If hagiography--a story of sanctity--is the hardest historical/literary genre of all to master, it is undoubtedly because sanctity is so ineffable, so irreducible to rational categories of explanation. In a society inebriated with religiosity, as in one steeped in secularism, the problem is the same: how, with words-- words --to seize the holy in its insanity, its intransigence, its terror, its utter disregard for individual will. If demonic possession brings a smile to our lips, how can divine possession not?
It's easier on the biographer if the holy man in question falls into the more-like-us category; hence the comparative popularity of biographies of John Cardinal Newman, Thomas a Becket and, above all, Thomas More. Their accomplishments, their problems, even their final decisions have something to do with the sorts of things most people can understand or at least imagine.
Unfortunately, the "political saints" sit on one of the lowest rungs of the great celestial chain. And as you ascend that chain, you bump into more and more cases where dilemmas aren't rarefied and issues aren't political (or intellectual) and where action and motivation are completely absurd unless you adopt the actor's frame of reference--i.e., that God's in His heaven and judgment is His. No less a master than Pierre Corneille, the great French tragedian, fails to render a very interesting or captivating dramatic character in Polyeucte, the early Christian martyr in imperial Rome. It is Polyeucte's wife, Pauline, and her lover, Severe, who rescue the play with their personal woes and nobility occasioned by the martyr's refractory posturings. (Nobody says Polyeucte has to renounce Christianity, for heaven's sake; just give a perfunctory nod to official Roman religion.)
Among the saints, few are greater--because few are more Christlike--than the little friar of Assisi. The indulged and oversensitive son of a status-conscious clothier, Francis, at age 25, suddenly threw off his own (and his father's vicarious) quest for entry into the nobility, and the playboy life style that went with it, in exchange for two decades (till his death) of total abstinence and conformity to the Gospels. In the face of scorn and distrust (at least initially) from Pope and cardinals, armed with nothing more than his voice and his example, Francis gave credibility back to the institutional church; he made it more genuinely "the body of Christ in the world." He is primarily known for establishing his brotherhood--the Order of Friars Minor, for which Julien Green finds the lovely and apt description, "a prodigious flock of sparrows darting toward heaven." Along the way, Francis had several interesting encounters with some of the major ecclesiasts of his day (from Innocent III to Domingo de Guzman, the mesmerizing preacher-founder of the Dominicans); he converted and won to his side some of medieval Europe's most winsome and compelling religious figures (St. Clare, for example, who may have been in love with Francis); he wrote an almost painfully lyrical poem ("The Canticle of the Sun") and an unquestionably painful, because over-exigent, Rule for his beloved Order.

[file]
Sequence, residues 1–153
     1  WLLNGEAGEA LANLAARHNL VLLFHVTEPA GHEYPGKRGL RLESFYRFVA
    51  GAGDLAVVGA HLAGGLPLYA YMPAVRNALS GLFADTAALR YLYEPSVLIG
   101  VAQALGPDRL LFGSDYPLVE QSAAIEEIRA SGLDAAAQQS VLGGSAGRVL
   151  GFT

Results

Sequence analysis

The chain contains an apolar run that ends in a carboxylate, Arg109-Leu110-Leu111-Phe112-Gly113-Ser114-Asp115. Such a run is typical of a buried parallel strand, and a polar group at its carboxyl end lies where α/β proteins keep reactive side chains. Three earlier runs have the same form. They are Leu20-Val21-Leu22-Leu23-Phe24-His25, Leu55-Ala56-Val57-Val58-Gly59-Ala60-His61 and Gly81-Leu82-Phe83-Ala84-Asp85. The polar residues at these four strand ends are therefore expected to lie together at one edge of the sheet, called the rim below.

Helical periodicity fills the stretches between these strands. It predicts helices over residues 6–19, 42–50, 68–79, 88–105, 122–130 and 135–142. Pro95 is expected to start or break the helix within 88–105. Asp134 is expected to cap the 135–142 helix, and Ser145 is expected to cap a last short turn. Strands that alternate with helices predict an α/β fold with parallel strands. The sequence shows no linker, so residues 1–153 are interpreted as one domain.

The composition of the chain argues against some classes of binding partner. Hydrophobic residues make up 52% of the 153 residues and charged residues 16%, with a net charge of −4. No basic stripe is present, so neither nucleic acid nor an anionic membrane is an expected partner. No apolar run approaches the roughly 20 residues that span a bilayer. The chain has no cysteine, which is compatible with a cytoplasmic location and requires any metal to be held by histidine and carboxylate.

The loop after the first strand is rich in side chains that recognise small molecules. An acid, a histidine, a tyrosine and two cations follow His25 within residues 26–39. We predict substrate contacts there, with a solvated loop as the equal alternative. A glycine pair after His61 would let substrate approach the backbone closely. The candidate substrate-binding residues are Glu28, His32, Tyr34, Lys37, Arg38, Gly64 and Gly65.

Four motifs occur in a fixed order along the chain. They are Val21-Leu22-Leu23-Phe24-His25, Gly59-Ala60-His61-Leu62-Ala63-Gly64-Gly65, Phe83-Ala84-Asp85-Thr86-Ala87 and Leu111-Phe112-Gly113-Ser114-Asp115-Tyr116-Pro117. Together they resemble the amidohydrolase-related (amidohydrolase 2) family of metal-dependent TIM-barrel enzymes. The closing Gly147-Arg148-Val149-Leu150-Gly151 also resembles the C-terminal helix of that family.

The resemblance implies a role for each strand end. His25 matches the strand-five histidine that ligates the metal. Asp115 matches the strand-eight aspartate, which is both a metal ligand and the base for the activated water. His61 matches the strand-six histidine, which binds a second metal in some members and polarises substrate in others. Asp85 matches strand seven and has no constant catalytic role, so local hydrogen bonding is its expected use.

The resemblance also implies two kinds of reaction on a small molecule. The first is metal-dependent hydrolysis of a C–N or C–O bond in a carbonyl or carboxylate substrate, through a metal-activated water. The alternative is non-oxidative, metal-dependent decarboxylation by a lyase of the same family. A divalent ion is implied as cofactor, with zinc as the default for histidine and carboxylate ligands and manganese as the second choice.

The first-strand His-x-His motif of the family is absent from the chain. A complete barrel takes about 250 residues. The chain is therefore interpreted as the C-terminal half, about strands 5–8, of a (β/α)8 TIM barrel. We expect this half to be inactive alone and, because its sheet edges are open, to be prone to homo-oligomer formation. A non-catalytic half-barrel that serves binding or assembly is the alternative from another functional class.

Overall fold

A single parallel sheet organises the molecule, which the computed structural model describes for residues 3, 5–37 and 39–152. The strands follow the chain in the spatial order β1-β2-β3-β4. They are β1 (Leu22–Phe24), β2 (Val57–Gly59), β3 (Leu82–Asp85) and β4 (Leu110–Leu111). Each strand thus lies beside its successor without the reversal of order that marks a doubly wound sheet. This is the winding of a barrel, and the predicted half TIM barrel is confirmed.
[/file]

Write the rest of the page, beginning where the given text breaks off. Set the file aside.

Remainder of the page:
In short, plenty of the stuff that written history is made of. But biography demands more; it promises to unearth the "real story," the "inner" man. Certainly this is the assignment that Green has set himself, for while he provides more than a fleeting taste of the historical background and events, his recounting of these things is old fare and doesn't pretend to be more. The point, Green reminds us again and again, isn't the public man but the private. What is the private Francis of Assisi? Well, we don't know for sure, not having anything approaching extensive records. But worse, if we did, we have the uneasy feeling that they would make for poor, or at least uninteresting, reading. Francis' "true" story is the daily, monotonous unfolding of the same things: prayer, fasting, and small and large (but almost invariably mundane) deeds of service and love--items that are difficult to interpret, or even report more than once. Ditto for Francis' tendency to talk to trees, birds and animals. The "conversion" of the famous wolf of Gubbio has been recounted hundreds of times because there is nothing else to do with it; we haven't the evidence to sustain scientific inquiry. Likewise for Francis' dozens of "miracles," not to mention his stigmata, about which we know so little (he kept it very secret) that we aren't even certain it happened, let alone what it signified. The man simply lived each moment as though the voice of God spoke more loudly than Caesar's or the Pope's or, for that matter, the person standing next to him.